The VP race will see a big winner and a big loser. Apart from that, it will be hard to call.


Malaysia: A fractured, polarised nation

Posted: 12 Nov 2013 08:10 PM PST


Unless remedial measures are taken soon, young Malaysians who have the world at their feet will move to greener pastures, warns Tommy Thomas

Tommy Thomas, Aliran 

The social contract, social compact or bargain reached by the three communities under the watchful eye of the British imperial power as a condition to Merdeka, was that in exchange for full citizenship, a right to use their language and observe their religion, the non-Malays had to concede special privileges to the Malays to assist the latter to ascend the economic ladder. It was a quid pro quo.

It was a consensus arrived after hard bargaining, and has formed the basis of nationhood. In this equilibrium, the non-Malays were not to be relegated to second class citizens: citizenship was not on a two-tier basis and there was going to be no apartheid, partition or repatriation.

What was required from the non-Malays at the time of Merdeka was undivided loyalty to the new nation. They could no longer owe their allegiance to the mother country, China or India.

Racial differences were recognised. Diversity was encouraged. There was no pressure to integrate into one Malayan race. A new nation was to be integrated over time, but as a plural society. Assimilation was out of the question.

Thus, a united Malayan nation did not involve the sacrifice by any community of its religion, culture or customs. Minorities were not to be discriminated in a system of parliamentary democracy based on constitutional supremacy. In many respects, the establishment of Malaysia strengthened the social contract.

Any reason to celebrate?

But as Malaya completed 56 years as an independent sovereign nation on 31st August, and more significantly, Malaysia turned half a century on 16th September, do the 26 million Malaysians have reason to celebrate? Unfortunately, the popular response would be very much in the negative.

The twin forces of race and religion have substantially polarised the nation. Every issue of public life, however minor or insignificant, is given an ethnic undertone by the politicians and the civil service and glaringly publicised in the government controlled mass media.

Totally absent in the national landscape is a statesman like the Father of Merdeka, Tunku Abdul Rahman, the first Prime Minister, who was prepared to speak for the nation and the public weal, rather than from a parochial or sectarian perspective

Even after the closest general elections in our history, with the coalition governing the nation not enjoying majority popular vote and with the next general elections only due in five years, politicking of the worst kind continues daily. The Prime Minister is not giving the leadership that he sought from the electorate, and which he received.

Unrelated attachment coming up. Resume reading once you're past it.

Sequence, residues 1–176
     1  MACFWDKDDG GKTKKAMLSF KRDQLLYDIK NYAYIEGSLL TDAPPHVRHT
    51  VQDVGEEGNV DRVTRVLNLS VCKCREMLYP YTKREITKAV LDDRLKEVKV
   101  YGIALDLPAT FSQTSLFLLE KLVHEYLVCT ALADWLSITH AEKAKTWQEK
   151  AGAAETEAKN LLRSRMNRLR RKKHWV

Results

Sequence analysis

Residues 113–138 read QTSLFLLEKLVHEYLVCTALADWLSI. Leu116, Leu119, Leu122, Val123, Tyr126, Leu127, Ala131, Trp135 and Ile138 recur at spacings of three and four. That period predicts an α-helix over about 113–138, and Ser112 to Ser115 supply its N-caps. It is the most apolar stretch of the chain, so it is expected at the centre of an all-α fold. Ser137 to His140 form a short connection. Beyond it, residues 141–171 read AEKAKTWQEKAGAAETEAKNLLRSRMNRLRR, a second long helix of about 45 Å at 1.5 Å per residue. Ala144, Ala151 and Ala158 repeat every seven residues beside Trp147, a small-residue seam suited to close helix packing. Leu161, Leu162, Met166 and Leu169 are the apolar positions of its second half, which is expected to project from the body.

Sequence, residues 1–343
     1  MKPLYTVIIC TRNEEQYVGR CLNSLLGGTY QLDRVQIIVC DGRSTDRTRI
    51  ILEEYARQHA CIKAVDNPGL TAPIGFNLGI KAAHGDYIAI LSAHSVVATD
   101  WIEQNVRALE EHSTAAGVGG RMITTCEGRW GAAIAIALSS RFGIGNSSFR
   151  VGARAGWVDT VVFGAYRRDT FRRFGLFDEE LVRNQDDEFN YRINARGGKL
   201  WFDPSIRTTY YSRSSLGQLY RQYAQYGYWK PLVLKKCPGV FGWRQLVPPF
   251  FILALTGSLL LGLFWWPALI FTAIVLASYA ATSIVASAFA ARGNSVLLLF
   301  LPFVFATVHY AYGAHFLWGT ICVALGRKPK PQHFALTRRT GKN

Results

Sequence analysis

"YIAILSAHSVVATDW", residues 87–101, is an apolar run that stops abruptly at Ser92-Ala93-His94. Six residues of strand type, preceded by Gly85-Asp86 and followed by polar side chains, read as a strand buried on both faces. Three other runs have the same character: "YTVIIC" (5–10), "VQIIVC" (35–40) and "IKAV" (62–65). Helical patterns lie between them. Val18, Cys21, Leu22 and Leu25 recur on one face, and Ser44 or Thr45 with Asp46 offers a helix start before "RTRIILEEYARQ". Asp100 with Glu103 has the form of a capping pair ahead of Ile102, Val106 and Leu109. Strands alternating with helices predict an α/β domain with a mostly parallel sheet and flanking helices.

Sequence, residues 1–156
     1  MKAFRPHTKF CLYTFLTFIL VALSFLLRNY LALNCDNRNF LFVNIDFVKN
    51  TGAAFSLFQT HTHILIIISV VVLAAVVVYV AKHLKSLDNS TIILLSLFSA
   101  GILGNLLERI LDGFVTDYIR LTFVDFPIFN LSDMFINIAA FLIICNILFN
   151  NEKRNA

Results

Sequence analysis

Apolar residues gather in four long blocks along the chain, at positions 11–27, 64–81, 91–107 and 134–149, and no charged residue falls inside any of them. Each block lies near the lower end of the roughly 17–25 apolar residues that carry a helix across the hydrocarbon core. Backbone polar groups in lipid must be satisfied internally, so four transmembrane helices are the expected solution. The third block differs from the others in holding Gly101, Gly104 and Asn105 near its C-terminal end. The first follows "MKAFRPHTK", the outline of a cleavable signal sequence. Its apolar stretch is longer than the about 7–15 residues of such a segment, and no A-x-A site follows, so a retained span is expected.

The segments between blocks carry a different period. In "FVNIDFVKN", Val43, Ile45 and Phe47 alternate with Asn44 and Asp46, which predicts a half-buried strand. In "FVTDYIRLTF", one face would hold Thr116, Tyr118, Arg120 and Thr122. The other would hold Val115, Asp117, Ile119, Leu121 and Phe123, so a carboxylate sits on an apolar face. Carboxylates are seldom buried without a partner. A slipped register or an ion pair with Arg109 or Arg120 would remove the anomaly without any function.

With a 44-seat majority in the Dewan Rakyat, the Barisan government has a majority which is the envy of many governing coalitions across the globe. Yet, a sense of paralysis grips the centre.


Exciting PAS Youth polls for a change

Posted: 12 Nov 2013 02:15 PM PST

Black hands, animals, famous sons and the good and dark side of social media are some of the talking points in the race for posts in the PAS Youth wing.

Joceline Tan

PAS politician Zulhazmi Shariff knew he would be the underdog when he decided to go for the No. 1 post in the Dewan Pemuda, as the party's Youth wing is known.

What he did not expect was to be labelled "a dog" on Facebook. Zulhazmi had thought it was a joke when friends alerted him of it.

It was no joke and there was even a superimposed image of a forlorn-looking black dog in place of his photograph. He was very upset and lodged a complaint with the PAS election body.

"This sort of thing has never happened in a party election. It is not only about me, it affects the image of the party. I am urging my colleagues in PAS to condemn it," said the corporate lawyer with the rocker hairdo.

Battling it out: (From left) Muhammad Khalil is going for the deputy's post while Suhaizan, Zulhazmi and Kamaruzaman are going for the No.1 post in the PAS Youth wing.

The offensive picture of Zulhazmi was placed alongside that of the other two candidates for the Youth leadership, Suhaizan Kayat and Kamaruzaman Mohamad.

Zulhazmi, 37, is only an ordinary member and although he has been making the news, the real fight is between the other two contenders.

Both Suhaizan, 43, and Kamaruzaman, 40, are graduates from local universities with a background in information technology but the former is backed by the Erdogans and the latter has the backing of the ulama group.

Suhaizan was the Johor Youth chief before becoming the Pulai division chief. Party leaders think highly of the activist because he is hardworking and has ideas.

But he does not seem to have much luck when it comes to elections. He has contested and lost in three general elections.

His most recent defeat might have something to do with the fact that he had once declared it was unIslamic for Muslims to wish Christians "Merry Christmas". A Christian DAP leader from Johor labelled him a "warped zealot" for that.

Suhaizan was ready to go for the top Youth post in the 2011 party polls but the then incumbent Nasruddin Hassan had pleaded for another term. Nasruddin promised to make way for him in two years and persuaded Suhaizan to go for the deputy chief's post.

Suhaizan agreed but lost the deputy's post to Nik Abduh Nik Aziz, the son of Datuk Nik Aziz Nik Mat. And things are not easier for him two years down the road either because so much has changed inside and outside the party.